It was great swimming next to the dolphin!

Soon, the crew told us they were going to let us jump off one last time. This time, we went so close to the shore. And suddenly, I saw around ten to fifteen fins and dolphin tails above the water as they were playing together in groups. We hadn’t seen so many of them until now. We were all very excited to make this last jump the best. As soon as I jumped, I saw so many dolphins and they weren’t running away. A lot of them were swimming together, some separately, and I did see one staying under water in a vertical way — I imagined that he was probably resting. Some dolphins were even playing with their stomachs upside down. This was spectacular! I swam as fast as I could trying to catch the dolphins. However, since we were so close to the shore, the waves were very strong which made it more dangerous. The nature of the waves would wash us into the island where the boat can’t retrieve us. So the crews shouted for us to get back after 12 minutes of us enjoying the dolphins. This time, I struggled as I lost a lot of energy swimming and the waves were very strong. Swimming against the waves felt scary all of a sudden. Finally, Kenji helped me get back on the boat. We were all exhausted but happy to have had that experience seeing the dolphins closely. Then, we all fell asleep on the way back to Miyakejima. On the way, I also saw a few silver flying fish — I wonder what they are called.

What We Talk About When We Talk About Dolphins 

Kenji Kasuya, diving instructor explains the secret world of dolphins.

The tour didn’t just end there. We visited a hot spring right after and we had another delicious meal waiting for us in the evening.

Over dinner, Kenji explained what he knows about the dolphins, their habits, and his experience. What fascinated me was how well Kenji can interact with the dolphins, practically Aquaman. He mentioned that he threw a ball into the water and the dolphins would retrieve it and throw it back. However, once he stopped doing it, the dolphins got annoyed so he dived 5 meters under and showed it to the dolphins. Then, he threw it again and this time, one dolphin quickly took it in a flash and never returned. He also said that they like scuba divers since the oxygen tanks create bubbles and the dolphins love playing with that. They would come close and in a vertical position, make their ring of bubbles under water, too.

He also explained about how the dolphins were born from their tails which prevents them from choking under the shallow water. The parents would bring the baby dolphin above the water to breathe once before bringing it back down. He then further explained about dolphins in aquariums. Not unexpectedly, they get depressed swimming in circles in the tight space. Also, according to him, the real reason why dolphins shows begun being performed in aquariums or Sea World is because dolphins lack exercise from being in that tight space. A lot of information he told us that day made us think upon just how much dolphins are intelligent and friendly mammals. Many studies have shown that even dolphins know that mirrors show the image of themselves. That’s how smart they are. As I was smiling with the thought, I also got chills as the thought of Japan eating and hunting dolphins popped up. I know that most of us eat mammals including pigs, cows, and other creatures but it just seems terrible to kill such friendly creatures.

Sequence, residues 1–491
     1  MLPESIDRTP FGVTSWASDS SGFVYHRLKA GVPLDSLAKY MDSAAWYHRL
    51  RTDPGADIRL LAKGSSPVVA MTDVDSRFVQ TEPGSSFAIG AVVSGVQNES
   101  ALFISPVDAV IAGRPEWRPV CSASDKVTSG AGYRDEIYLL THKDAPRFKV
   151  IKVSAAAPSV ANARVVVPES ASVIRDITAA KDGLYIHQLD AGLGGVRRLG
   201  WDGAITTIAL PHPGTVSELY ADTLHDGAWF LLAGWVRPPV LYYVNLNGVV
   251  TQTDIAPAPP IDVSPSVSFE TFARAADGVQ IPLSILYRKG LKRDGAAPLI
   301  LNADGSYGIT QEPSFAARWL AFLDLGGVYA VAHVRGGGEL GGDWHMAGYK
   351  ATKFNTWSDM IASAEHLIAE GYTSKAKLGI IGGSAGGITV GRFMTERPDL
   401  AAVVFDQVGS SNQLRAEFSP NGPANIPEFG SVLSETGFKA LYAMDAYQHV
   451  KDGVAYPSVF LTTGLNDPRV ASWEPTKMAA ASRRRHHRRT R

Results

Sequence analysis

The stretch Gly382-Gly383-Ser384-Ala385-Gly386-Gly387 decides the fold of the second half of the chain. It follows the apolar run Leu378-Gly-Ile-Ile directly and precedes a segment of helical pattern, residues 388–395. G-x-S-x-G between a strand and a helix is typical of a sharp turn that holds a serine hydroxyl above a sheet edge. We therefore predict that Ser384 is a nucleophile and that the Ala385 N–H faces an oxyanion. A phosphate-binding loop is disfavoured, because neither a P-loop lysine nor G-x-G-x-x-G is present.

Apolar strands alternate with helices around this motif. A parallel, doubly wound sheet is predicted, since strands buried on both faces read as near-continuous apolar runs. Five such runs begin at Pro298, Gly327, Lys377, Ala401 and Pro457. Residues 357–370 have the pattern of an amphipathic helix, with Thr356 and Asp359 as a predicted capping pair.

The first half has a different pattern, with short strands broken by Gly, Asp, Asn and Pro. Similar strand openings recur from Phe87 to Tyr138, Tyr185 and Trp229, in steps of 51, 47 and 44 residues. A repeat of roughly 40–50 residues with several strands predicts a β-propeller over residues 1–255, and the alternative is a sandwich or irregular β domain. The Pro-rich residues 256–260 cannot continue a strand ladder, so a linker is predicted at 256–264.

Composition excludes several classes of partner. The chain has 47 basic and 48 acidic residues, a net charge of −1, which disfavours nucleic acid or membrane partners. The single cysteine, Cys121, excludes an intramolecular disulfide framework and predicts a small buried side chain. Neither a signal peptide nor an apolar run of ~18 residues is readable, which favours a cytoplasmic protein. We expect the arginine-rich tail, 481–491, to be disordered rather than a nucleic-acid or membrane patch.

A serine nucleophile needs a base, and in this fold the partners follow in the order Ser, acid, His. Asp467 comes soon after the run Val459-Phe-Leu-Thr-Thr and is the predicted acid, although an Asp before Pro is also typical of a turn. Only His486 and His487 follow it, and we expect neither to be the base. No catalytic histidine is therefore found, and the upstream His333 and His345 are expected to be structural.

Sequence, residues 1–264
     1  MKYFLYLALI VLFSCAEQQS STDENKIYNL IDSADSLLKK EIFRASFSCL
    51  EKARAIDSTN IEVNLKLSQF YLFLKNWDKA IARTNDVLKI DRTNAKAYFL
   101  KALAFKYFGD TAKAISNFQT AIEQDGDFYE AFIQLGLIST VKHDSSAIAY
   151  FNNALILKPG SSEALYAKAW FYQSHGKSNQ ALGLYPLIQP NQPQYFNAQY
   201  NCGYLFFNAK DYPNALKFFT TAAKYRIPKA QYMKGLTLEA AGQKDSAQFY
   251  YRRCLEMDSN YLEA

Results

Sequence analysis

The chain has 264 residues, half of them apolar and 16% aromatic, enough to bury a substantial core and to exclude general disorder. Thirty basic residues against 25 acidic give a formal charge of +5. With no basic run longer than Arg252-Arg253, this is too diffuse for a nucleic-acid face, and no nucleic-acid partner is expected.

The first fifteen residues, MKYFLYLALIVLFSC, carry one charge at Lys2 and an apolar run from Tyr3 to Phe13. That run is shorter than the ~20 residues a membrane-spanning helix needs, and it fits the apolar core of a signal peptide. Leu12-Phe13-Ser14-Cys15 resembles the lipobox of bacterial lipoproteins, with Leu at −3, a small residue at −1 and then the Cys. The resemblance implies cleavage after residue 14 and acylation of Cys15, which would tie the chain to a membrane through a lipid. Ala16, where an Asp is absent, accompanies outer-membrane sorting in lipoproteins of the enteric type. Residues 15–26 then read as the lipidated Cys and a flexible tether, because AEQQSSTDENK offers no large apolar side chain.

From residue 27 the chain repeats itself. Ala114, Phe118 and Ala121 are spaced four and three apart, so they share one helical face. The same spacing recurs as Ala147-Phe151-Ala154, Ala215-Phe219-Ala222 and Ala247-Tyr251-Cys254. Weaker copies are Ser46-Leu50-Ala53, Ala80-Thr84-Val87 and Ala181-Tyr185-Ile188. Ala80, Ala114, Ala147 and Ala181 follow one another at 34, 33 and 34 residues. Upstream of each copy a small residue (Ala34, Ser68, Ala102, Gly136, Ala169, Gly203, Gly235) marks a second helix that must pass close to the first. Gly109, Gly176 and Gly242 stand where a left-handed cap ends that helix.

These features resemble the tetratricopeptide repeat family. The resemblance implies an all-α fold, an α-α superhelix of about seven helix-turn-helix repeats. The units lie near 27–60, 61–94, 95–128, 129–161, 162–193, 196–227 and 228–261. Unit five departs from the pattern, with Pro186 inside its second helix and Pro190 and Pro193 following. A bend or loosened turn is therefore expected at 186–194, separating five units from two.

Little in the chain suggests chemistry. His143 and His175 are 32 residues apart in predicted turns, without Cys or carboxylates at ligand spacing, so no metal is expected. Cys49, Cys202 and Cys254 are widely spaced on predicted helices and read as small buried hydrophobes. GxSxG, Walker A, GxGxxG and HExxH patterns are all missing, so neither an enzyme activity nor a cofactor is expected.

Starrry Starry Island Nights 

After the day ended, my friends and I went out for a walk at night hoping to see stars. And with the lack of lighting on the island, it was almost pitch dark. And so we did see a whole sky full of stars, red lights from the airplanes, and the most amazing thing I had ever seen in my life — the milky way. It was clearly visible. It looked like a foggy group of stars formed in a shape of a long bridge. It was wonderful. I also saw a shooting star which went by like a streak of yellow light, even before I could make a wish. (I made a post shooting star wish anyway!).

After the sun sets on the island, the lack of night pollution means you can see the stars and the milky way.
Nights on Miyakejima. Photo from Miyakejima Tourism Association webpage


The next morning we had free time before we boarded a ferry back to Tokyo in the afternoon. We called a taxi to pick us up. We were lucky to have had such a kind and helpful taxi driver. He told us many stories of the natural places there were once there but had disappeared from volcanic activities and about a time when Oyama (大山), the active volcano in the middle of the island , erupted a couple of decades ago and everyone had to evacuate. There were around 3,000 people on the island then, but now only a bit more than 1,000 people have returned. That morning we visited Tairo pond (大路池)and a volcanic area called Nippanashinzan (新鼻新山). It was all caused by volcanic activities of Oyama. The soil there was black and red. We walked all the way to the top of the cliff. I don’t think I have seen any place that reminds me of other planets more than this place.

The Martian of Miyakejima

The island has many other places to visit and I’m sure they’re all worth visiting. The whole island to me was so calm and relaxing. Most of all, the island people were friendly and warm. I felt like this was a true getaway from city life in Tokyo or in this case the Tokyo mainland.

Swim With The Dolphins!